Bears

Bears forming an identity, but what exactly is it?

mcclellin-lacy-bears-insider-0916.png

Bears forming an identity, but what exactly is it?

The mid-1980’s Bears had their identity; very, very good, and they annihilated people physically. The early 1970’s Bears theirs; not very good at all and seemed at times to play for the annihilation as much as the scoreboard, although there wasn’t always a lot of point playing for the latter. The 1940’s Bears were the Monsters of the Midway.

The 2015 Bears? Not so sure yet.

Coach John Fox was tasked in part with changing the culture within the team, which is clearly in the early stages of happening, based on things said publicly and privately, and what has shown up on the field, although “we still have a pretty significant body of work ahead of us,” Fox said. “I don’t like seeing who wins the race when we’ve barely gotten out of the blocks yet.”

What occurred in the loss to Green Bay does not make an identity, particularly for a team on which so many members were playing their first minutes ever in a Bears uniform.

[SHOP: Gear up Bears fans!]

But to one of those outsiders, one with experience with identity formation with an Arizona Cardinals team that reached a Super Bowl and with a New York Giants that won a Super Bowl, signs are there.

By way of perspective, “[the Cardinals] weren't always the most athletic team, we weren't always the most talented team, but we played together and we played fast,” said safety Antrel Rolle. “And we fought, we fought with every inch of our body.

“And this [Bears] team is going to get to that. I'm pretty sure of that.”

[MORE: Palmer prepared for Fangio's defense]

Identity, like leadership and other intangibles, can’t be installed or voted in. Whether accurate or not, the Bears after the Green Bay game felt that they had shown character in not only folding against Aaron Rodgers, but also in coming back for a touchdown after the disastrous Clay Matthews interception.

Not quitting is not necessarily a positive, however. That’s what is being paid for. But getting back on the rails and expecting to come back and win was seldom part of the identity of the past two years.

“Right now it's just a team that I think we're still figuring it out but right now it's a team that doesn't quit and a team that continues to fight,” Rolle said. “Just like any person, it takes a long time any kid or anyone to develop an identity within themselves and I think we're still trying to learn who we are and what we're about. There are just some characteristics we know that we have that we want to continue to build on.”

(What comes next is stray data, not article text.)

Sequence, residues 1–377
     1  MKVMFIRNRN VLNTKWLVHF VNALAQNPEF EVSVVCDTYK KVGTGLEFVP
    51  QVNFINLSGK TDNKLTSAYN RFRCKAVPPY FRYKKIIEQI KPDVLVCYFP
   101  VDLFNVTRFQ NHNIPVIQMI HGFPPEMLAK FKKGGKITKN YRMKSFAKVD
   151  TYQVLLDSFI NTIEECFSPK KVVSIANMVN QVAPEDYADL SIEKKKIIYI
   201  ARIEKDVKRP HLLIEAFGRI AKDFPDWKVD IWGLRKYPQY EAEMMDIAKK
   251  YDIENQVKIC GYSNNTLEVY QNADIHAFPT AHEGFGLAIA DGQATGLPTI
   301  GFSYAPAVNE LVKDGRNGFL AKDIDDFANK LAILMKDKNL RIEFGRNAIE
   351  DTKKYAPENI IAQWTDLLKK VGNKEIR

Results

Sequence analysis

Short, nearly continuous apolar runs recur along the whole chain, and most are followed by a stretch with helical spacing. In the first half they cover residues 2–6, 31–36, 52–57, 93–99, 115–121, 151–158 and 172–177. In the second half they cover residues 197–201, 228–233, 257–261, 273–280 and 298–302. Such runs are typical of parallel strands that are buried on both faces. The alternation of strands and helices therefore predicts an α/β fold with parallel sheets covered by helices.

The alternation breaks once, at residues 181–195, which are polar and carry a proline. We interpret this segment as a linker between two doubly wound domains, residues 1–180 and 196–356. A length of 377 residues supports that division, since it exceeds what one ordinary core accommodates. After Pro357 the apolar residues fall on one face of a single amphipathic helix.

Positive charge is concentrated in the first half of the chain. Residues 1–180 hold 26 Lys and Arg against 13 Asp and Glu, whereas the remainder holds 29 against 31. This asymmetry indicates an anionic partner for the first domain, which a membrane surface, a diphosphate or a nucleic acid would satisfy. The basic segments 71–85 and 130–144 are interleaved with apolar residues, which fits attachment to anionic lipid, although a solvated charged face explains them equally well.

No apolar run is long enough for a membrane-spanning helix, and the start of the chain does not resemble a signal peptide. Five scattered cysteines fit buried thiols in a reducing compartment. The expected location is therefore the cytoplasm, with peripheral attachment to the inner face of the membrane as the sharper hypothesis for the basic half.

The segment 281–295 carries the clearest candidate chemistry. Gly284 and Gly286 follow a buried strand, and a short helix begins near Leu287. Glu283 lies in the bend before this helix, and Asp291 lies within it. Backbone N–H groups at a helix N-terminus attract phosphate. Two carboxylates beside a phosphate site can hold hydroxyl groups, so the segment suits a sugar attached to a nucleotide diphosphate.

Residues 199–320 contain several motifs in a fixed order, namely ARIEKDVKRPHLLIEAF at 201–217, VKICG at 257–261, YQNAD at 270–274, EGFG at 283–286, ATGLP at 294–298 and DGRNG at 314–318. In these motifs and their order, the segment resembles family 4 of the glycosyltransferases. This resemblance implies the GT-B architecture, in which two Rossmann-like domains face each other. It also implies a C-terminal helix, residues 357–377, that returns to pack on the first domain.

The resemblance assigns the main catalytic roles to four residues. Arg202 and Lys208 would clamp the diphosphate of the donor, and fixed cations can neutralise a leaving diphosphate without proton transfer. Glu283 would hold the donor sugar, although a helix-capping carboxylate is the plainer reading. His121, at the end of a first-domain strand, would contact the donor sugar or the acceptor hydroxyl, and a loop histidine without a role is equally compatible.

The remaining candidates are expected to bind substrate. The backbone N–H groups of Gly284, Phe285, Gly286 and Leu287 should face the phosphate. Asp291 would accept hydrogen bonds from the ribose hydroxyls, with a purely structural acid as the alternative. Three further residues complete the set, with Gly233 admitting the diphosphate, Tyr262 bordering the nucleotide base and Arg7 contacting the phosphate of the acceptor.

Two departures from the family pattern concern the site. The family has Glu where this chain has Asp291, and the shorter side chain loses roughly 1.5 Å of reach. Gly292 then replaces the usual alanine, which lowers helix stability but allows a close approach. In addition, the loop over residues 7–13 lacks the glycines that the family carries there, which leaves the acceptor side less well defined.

NFC North standings: Bears fall to last in division with Week 7 loss to Patriots

lorin_bears_pats.jpg
USA TODAY

NFC North standings: Bears fall to last in division with Week 7 loss to Patriots

The great Ricky Bobby once said, “If you ain’t first, you’re last.” Talladega Nights hit a little too close to home for the Bears in Week 7.

They came into Sunday at 3-2 at the top of the NFC North. After a 38-31 loss to the New England Patriots, they dropped to the bottom of the division.

The Detroit Lions defeated the Miami Dolphins 32-21 to improve to 3-3, leaving them tied with the Bears in the cellar.

The Minnesota Vikings’ 37-17 victory over the New York Jets jumped them to 4-2-1 overall and first place in the division over the 3-2-1 Green Bay Packers, who were off for their bye week.

The NFC North remains the most tightly contested division in the NFL, the only one with no teams under .500 through seven weeks of the season.

The final standings may not be decided until Week 17, and the Bears have already blown the early season cushion they built for themselves while the Vikings and Packers were struggling.

The divisional action will pick up in November, and Chicago only has a pair of games left to put it all together before back-to-back-to-back games against the Lions, Vikings and Lions again.    

Under Center Podcast: Bears lose 38-31 to the Patriots

under_center_pod_patriots.jpg
USA TODAY

Under Center Podcast: Bears lose 38-31 to the Patriots

Matt Forte, Lance Briggs and Alex Brown join Laurence Holmes to break down the Bears 38-31 loss to the Patriots. What happened to the Bears defense over their bye week, and how did the special teams struggle so bad against New England? Plus – the guys debate Mitchell Trubisky’s decision making in the red zone and Matt weighs in on how the Bears should play his former team – the New York Jets – next week.

0:35– Special teams to blame for loss?

4:12– Where did the Bears pass rush go? 

5:27– Bad tackling followed Bears from Miami

7:25– Are the coaches to blame for the defense after the bye?

10:10– Evaluating Mitchell Trubisky’s game

11:55– Agree with Matt Nagy on Mitch’s “mental” game?

13:30– Trubisky’s red zone decision making

17:10– Are the Bears giving away games so Mitch can learn?

18:00– Bears need to run the ball more

21:04– Matt Forte scouts his former team, the New York Jets

Listen to the full podcast here or in the embedded player below.

Subscribe: